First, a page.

Giant White Moose Battles Robotic Lawnmower For Interrupting His Snack Time

As anyone who has a dog knows, pets and noisy machines like vacuums and lawnmowers don’t mix, so it was no surprise that when a giant white moose in Sweden encountered an automated lawnmower, it was none too pleased.

The moose, which some outlets have misreported as being albino, is in fact simply white. Though rare, white moose are the result of a recessive gene that results in the animal becoming white with specks of brown — a condition referred to as piebald.

This particular moose, who was happily eating apples from a tree and minding his own business, was startled by an automated lawnmower, which had been set by the owners of the home unaware the moose was in the vicinity.


After being caught off guard by the mower, the moose understandably chose to silence the approaching "predator" by stomping it to "death" with its hooves. A video of the incident was captured by Marianne Niklasson, who spotted the moose while she was driving by.

“I never thought in my entire life that I would experience such a thing,” Niklasson told SVT News Varmland. “He did not like the lawnmower.”

Niklasson, who was on her way to her summer cottage in central Sweden, carefully got close enough to film the moose, without scaring it, when the robot lawnmower appeared out of nowhere. The woman said she had never seen a white moose before and was surprised that she and her husband were able to get so close without scaring it off.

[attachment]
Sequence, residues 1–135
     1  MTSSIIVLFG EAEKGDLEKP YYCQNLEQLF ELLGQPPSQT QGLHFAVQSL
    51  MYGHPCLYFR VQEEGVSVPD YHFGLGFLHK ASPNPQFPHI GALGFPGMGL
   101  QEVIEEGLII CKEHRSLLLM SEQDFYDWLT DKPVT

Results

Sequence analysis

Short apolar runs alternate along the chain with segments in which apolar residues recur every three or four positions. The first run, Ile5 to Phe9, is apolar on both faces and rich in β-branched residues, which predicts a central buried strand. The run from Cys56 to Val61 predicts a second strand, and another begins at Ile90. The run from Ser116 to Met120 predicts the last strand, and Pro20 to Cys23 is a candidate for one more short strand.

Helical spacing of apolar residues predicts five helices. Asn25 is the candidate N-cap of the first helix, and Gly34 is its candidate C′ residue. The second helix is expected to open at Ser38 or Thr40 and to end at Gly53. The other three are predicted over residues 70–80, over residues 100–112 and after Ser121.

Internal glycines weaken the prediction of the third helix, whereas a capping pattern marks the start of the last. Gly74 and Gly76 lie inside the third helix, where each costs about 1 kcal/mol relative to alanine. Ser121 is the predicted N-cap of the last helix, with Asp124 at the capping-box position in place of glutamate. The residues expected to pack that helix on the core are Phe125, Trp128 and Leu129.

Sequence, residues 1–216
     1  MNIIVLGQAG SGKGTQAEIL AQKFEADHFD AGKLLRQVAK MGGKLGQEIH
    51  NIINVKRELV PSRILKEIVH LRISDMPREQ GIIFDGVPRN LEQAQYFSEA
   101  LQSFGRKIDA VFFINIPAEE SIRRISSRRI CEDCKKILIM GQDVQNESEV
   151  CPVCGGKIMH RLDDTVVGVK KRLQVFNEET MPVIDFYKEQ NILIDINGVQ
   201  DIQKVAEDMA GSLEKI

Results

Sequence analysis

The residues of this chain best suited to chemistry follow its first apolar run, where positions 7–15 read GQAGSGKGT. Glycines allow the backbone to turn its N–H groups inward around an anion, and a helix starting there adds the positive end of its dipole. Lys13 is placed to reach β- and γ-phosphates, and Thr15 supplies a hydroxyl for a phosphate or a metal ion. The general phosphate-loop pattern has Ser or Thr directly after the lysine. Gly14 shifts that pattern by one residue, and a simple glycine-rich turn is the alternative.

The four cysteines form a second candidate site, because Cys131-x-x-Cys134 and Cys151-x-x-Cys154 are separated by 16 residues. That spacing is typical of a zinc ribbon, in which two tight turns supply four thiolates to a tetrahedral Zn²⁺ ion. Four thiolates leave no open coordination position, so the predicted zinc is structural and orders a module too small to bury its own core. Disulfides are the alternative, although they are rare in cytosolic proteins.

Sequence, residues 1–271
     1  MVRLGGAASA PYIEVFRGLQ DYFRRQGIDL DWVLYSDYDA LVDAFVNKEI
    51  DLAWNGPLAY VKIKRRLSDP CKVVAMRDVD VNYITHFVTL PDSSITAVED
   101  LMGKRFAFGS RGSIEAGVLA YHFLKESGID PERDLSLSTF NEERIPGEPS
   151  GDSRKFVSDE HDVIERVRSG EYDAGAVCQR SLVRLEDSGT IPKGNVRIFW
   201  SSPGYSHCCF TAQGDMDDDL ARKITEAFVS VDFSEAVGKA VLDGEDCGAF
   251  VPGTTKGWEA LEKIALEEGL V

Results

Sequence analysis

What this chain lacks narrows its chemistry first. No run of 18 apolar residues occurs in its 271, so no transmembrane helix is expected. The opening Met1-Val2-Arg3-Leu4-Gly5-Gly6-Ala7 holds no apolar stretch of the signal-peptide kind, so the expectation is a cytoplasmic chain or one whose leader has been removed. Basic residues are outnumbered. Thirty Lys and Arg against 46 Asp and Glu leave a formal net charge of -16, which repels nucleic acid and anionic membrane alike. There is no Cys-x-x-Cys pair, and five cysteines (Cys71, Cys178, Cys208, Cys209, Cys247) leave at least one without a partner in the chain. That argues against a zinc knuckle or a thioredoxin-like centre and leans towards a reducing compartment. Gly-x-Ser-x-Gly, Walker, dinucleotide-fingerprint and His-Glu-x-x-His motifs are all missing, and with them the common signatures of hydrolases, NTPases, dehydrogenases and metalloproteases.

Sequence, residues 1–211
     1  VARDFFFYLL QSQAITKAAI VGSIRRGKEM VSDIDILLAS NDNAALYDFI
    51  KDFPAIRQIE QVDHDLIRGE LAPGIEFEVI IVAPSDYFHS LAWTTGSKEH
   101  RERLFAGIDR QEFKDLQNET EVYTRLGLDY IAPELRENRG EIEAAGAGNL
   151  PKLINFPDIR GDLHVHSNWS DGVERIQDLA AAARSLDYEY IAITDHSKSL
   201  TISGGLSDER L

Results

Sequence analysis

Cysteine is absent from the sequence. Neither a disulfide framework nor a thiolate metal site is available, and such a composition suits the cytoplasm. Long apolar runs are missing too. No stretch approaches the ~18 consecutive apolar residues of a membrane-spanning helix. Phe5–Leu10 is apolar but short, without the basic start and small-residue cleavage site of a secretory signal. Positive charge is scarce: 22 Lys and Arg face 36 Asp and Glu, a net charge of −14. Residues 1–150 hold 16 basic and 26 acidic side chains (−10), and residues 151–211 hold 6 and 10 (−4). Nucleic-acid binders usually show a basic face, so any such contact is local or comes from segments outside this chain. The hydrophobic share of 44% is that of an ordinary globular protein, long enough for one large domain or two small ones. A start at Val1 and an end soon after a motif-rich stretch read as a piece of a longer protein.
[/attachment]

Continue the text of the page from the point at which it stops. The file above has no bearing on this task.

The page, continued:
Via Popsugar

After the moose disposed of the lawnmower, the couple admits that they were slightly afraid it might focus his anger on them. "After it attacked the lawnmower, it looked straight at us and then I thought, 'Now he's attacking the car.' So I was really scared," Niklasson told STV. "We drove away, but the moose stayed. He did not care about us but just wanted more apples."

Though rarely seen, white moose have been spotted on occasion. Last June, two white moose twins were captured on film in Norway by Lee Kantar, a state deer and moose biologist from Maine. Kantar originally thought the moose may have been albinos, however, Göran Ericsson, a professor of elk and moose for the Swedish University of Agricultural Sciences, explained that white moose do in fact exist. Ericsson says the white moose populations may be actually increasing since, other than humans, they have few predators.

“Hunters have chosen to not kill any moose that are light,” said Ericsson, meaning they have been unofficially protected, therefore making natural selection among white moose more prevalent.

“It is kind of like dog breeding,” Ericsson added. “They [hunters] choose to select for traits that otherwise wouldn’t have occurred.” As for the incident between the moose and the lawnmower, it appears that for now in the battle between the moose and the machines, the moose are winning.


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